- Bacchus Law Firm
- Family Law
- Dissolution of Marriage / Divorce
- Divorce Missing Spouse
Divorce When Spouse is Missing
Trying to get a divorce when one's spouse has gone missing certainly complicates the situation. As the saying goes, "it takes two to tango." Therefore, for a general dissolution of marriage in Florida, you usually need both parties.
Florida law, however, provides a remedy for a person who desires a divorce, but cannot find his or her spouse. The most common issue with a missing spouse is the petitioner no longer knows where the respondent lives.
In these situations, Florida courts allow for parties to dissolve their marriage by filing a petition for divorce by publication, also known as constructive service.
Attorney for Divorce by Publication in Fort Lauderdale, FL
If you or someone you know wants to get a divorce, but they cannot find their spouse, call Bacchus Law Firm. Our office can aid you in the process of dissolving your marriage even if the other spouse is missing.
We have represented clients for years in many types of family law matters, from negotiating prenuptial agreements to child custody time-sharing agreements, and divorce cases.
Our office is conveniently located at 401 E. Las Olas Blvd. in Ft. Lauderdale, just minutes from Broward County Central Courthouse and we have taken cases in Miami, West Palm Beach, LaBelle, and East Naples, Florida.
Contact our office at (954) 500-5555 for a free no-obligations consultation.
Overview of Divorce When Spouse is Missing in Broward County
- What steps does a person need to take in order to divorce a missing spouse?
- Which kinds of alimony can be awarded?
- Where can I find more informaiton about divorce when spouse is missing in Fort Lauderdale?
How to Divorce a Missing Spouse
In order for a court to grant a dissolution of marriage by publication, the court has to find that the petitioner tried very hard to search for the missing spouse.
When filing for divorce, the petitioner will have to file a Notice of Action for Dissolution of Marriage; an Affidavit of Diligent Search and Inquiry; and information concerning how you performed a diligent search, and a list of the internet resources for conducting that search, if any.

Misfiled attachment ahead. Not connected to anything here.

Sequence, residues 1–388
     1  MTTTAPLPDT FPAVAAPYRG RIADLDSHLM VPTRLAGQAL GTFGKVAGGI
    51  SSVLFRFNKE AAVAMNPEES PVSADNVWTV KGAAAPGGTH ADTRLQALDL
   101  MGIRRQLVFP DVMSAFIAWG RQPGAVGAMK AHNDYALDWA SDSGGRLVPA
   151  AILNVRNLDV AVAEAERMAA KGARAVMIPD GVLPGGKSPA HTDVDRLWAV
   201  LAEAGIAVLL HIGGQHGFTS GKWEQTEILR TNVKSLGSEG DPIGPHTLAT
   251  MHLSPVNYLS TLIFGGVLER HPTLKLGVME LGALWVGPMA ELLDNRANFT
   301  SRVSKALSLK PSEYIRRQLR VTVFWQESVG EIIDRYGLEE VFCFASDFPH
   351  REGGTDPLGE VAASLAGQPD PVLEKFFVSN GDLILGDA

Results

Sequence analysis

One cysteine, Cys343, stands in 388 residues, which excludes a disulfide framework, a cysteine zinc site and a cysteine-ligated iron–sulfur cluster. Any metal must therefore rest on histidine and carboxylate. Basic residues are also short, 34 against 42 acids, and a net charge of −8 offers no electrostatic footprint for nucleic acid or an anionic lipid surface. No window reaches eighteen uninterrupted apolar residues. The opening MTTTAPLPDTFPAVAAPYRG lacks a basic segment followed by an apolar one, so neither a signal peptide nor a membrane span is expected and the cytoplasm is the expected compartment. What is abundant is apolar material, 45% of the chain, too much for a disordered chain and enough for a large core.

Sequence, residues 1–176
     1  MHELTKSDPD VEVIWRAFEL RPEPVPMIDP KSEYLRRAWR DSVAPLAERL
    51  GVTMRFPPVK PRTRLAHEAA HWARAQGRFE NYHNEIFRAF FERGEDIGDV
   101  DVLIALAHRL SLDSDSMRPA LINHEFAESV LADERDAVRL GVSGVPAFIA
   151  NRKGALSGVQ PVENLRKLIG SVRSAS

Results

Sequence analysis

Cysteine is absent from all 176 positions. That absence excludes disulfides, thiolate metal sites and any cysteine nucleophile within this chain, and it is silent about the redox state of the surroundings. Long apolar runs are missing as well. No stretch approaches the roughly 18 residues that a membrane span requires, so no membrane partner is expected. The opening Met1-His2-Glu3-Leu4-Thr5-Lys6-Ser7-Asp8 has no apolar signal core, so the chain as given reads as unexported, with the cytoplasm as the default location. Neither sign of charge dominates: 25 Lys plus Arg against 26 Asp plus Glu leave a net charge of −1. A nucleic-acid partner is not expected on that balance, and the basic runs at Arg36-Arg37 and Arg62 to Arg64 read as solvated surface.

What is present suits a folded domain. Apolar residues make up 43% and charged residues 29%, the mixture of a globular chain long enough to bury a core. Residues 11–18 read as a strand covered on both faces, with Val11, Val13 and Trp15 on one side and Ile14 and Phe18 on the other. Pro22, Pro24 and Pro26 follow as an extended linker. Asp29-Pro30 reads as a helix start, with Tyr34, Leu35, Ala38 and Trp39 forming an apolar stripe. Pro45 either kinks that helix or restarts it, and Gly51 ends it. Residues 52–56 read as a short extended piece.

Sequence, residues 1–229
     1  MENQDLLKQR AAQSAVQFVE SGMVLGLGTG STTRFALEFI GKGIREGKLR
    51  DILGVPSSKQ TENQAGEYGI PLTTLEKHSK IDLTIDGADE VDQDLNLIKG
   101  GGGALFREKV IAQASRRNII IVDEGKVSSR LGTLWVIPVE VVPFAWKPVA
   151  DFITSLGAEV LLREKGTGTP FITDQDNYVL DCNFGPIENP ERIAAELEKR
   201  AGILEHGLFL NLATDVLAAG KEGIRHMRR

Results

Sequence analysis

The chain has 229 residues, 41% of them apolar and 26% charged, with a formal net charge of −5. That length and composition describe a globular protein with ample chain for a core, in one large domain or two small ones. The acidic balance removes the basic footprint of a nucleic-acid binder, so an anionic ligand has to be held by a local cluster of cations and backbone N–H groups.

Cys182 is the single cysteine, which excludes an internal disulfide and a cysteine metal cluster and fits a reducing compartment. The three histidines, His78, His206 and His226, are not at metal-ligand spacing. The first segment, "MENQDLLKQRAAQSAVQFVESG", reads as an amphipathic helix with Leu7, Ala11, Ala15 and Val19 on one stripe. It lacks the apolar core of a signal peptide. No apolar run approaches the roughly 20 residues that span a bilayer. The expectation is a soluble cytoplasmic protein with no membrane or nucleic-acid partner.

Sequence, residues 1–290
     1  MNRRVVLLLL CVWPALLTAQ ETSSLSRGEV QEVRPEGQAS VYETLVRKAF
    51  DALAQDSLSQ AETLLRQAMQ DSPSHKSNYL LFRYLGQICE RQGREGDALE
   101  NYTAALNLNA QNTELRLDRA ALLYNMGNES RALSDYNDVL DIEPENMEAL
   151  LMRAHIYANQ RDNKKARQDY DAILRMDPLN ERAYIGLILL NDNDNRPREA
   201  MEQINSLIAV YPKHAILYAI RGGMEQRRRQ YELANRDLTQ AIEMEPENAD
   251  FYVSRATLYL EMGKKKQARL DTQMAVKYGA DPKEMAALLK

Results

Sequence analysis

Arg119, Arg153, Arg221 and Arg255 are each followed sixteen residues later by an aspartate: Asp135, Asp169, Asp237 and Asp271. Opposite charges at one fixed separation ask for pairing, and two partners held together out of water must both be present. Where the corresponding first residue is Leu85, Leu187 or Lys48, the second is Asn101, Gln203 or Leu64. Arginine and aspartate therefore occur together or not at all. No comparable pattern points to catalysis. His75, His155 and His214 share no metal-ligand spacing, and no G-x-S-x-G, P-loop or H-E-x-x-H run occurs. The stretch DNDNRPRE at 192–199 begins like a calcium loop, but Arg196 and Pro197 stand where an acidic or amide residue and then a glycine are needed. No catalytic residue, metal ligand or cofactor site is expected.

Examples of a "Diligent Search and Inquiry"
The Florida courts have provided a few examples of what may qualify as a diligent search and inquiry sufficient to be granted a dissolution of marriage with a missing spouse. The following list is not exclusive. There are other actions sufficient to constitute a diligent search. A diligent search may include the following:
- searching the phone directories of the cities and towns of the respondent's possible residences;
- asking the U.S. Postmaster in cities of respondent's previously known residences for forwarding addresses under the FOIA act;
- searching the public records of the tax collector and assessor;
- inquiring of persons in the neighborhoods where the respondent formerly lived;
- asking utility companies, including water, sewer, cable, TV, and electric, in areas of likely residence;
- searching the Department of Highway Safety and Motor Vehicle records;
- contacting the respondent's last known employer –asking about any addresses to which W-2 forms were mailed or where any pension or profit sharing plans were mailed;
- inquiring of regulatory agencies, including licensing agencies;
- gathering the names and addresses of the respondent's relatives and contacts with those relatives and ask them all for any information that may lead to finding the respondent;
- inquiring with law enforcement agencies at the respondent's last known residential area;
- inquiring at hospitals in the respondent's last known living area;
- using private investigation agencies or similar 'skip tracing' services;
- searching the Internet using search sites;
- writing letters to the Armed Forces of the U.S. asking whether or not they have any information on the respondent.
The petitioner should follow all leads that he or she is able to obtain and list all efforts and actions taken to locate the respondent in the affidavit.
Self-Service Form – Visit the Clerk of the Courts of the 17th Circuit for more information about filing for divorce as a pro se litigant.
Florida Department of Corrections – Visit the Florida Department of Corrections for more information on locating prisoners in the Florida prison system to inquire after whether the spouse has been detained by Florida law enforcement.
Fla. Stat. § 61.052 – Visit Online Sunshine, the official website of the Florida Legislature for more information about the Florida dissolution of marriage statute. Find information on the statutory requirements for dissolving a marriage under Florida jurisdiction.
Find a Lawyer for Divorce by Publication in Broward County, FL
If you or someone you know is missing their spouse and now wants a divorce, contact the experienced family law attorneys at Bacchus Law Firm. Our lawyers are zealous advocates and will fight for the rights of those who have been affected by spousal disappearance.
We have years of experience representing clients in multiple family law matters, including child custody, time-sharing agreements, and other child support matters. We take cases throughout the Miami-metropolitan area in counties like Collier County, Broward County, Hendry County, Palm Beach County, and Miami-Dade County, FL.
Call (954) 500-5555 now for more information.
This Article Was Last Updated Thursday, June 1, 2017.